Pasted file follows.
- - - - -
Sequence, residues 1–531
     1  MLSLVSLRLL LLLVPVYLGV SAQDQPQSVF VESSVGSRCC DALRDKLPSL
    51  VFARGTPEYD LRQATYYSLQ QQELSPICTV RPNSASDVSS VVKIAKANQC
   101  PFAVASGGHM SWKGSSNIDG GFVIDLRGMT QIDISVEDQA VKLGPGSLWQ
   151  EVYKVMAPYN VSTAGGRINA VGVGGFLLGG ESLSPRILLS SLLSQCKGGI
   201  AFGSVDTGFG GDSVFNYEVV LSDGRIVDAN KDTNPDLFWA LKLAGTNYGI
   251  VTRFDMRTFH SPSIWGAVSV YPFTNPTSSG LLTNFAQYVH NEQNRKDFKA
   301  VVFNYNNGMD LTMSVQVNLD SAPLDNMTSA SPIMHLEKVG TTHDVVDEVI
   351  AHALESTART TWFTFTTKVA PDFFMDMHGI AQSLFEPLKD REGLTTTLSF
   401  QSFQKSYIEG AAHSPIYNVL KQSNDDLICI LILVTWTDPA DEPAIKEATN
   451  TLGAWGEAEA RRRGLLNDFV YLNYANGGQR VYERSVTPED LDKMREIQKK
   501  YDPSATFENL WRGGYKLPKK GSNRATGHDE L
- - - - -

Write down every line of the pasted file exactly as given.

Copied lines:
Sequence, residues 1–531
     1  MLSLVSLRLL LLLVPVYLGV SAQDQPQSVF VESSVGSRCC DALRDKLPSL
    51  VFARGTPEYD LRQATYYSLQ QQELSPICTV RPNSASDVSS VVKIAKANQC
   101  PFAVASGGHM SWKGSSNIDG GFVIDLRGMT QIDISVEDQA VKLGPGSLWQ
   151  EVYKVMAPYN VSTAGGRINA VGVGGFLLGG ESLSPRILLS SLLSQCKGGI
   201  AFGSVDTGFG GDSVFNYEVV LSDGRIVDAN KDTNPDLFWA LKLAGTNYGI
   251  VTRFDMRTFH SPSIWGAVSV YPFTNPTSSG LLTNFAQYVH NEQNRKDFKA
   301  VVFNYNNGMD LTMSVQVNLD SAPLDNMTSA SPIMHLEKVG TTHDVVDEVI
   351  AHALESTART TWFTFTTKVA PDFFMDMHGI AQSLFEPLKD REGLTTTLSF
   401  QSFQKSYIEG AAHSPIYNVL KQSNDDLICI LILVTWTDPA DEPAIKEATN
   451  TLGAWGEAEA RRRGLLNDFV YLNYANGGQR VYERSVTPED LDKMREIQKK
   501  YDPSATFENL WRGGYKLPKK GSNRATGHDE L